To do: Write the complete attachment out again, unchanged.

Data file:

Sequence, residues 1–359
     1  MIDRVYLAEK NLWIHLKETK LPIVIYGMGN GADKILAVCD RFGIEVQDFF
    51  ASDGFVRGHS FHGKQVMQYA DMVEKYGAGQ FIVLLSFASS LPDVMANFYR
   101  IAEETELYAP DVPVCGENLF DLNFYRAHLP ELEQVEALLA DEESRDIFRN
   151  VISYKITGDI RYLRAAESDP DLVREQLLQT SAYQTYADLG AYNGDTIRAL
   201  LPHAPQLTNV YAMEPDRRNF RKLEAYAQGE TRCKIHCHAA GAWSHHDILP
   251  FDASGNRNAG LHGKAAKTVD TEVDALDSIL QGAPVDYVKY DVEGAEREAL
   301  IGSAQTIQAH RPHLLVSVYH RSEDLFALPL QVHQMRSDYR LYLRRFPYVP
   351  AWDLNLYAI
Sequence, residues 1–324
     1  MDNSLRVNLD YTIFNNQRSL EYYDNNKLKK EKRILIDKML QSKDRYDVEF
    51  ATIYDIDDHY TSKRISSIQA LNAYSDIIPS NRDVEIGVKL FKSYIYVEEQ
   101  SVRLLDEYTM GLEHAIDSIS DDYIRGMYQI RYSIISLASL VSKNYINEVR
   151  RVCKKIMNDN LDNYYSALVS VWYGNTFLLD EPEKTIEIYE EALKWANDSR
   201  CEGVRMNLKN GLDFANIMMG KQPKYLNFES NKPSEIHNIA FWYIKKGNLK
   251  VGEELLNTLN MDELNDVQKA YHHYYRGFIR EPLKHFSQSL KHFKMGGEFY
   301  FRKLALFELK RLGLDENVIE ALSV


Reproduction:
Sequence, residues 1–359
     1  MIDRVYLAEK NLWIHLKETK LPIVIYGMGN GADKILAVCD RFGIEVQDFF
    51  ASDGFVRGHS FHGKQVMQYA DMVEKYGAGQ FIVLLSFASS LPDVMANFYR
   101  IAEETELYAP DVPVCGENLF DLNFYRAHLP ELEQVEALLA DEESRDIFRN
   151  VISYKITGDI RYLRAAESDP DLVREQLLQT SAYQTYADLG AYNGDTIRAL
   201  LPHAPQLTNV YAMEPDRRNF RKLEAYAQGE TRCKIHCHAA GAWSHHDILP
   251  FDASGNRNAG LHGKAAKTVD TEVDALDSIL QGAPVDYVKY DVEGAEREAL
   301  IGSAQTIQAH RPHLLVSVYH RSEDLFALPL QVHQMRSDYR LYLRRFPYVP
   351  AWDLNLYAI
Sequence, residues 1–324
     1  MDNSLRVNLD YTIFNNQRSL EYYDNNKLKK EKRILIDKML QSKDRYDVEF
    51  ATIYDIDDHY TSKRISSIQA LNAYSDIIPS NRDVEIGVKL FKSYIYVEEQ
   101  SVRLLDEYTM GLEHAIDSIS DDYIRGMYQI RYSIISLASL VSKNYINEVR
   151  RVCKKIMNDN LDNYYSALVS VWYGNTFLLD EPEKTIEIYE EALKWANDSR
   201  CEGVRMNLKN GLDFANIMMG KQPKYLNFES NKPSEIHNIA FWYIKKGNLK
   251  VGEELLNTLN MDELNDVQKA YHHYYRGFIR EPLKHFSQSL KHFKMGGEFY
   301  FRKLALFELK RLGLDENVIE ALSV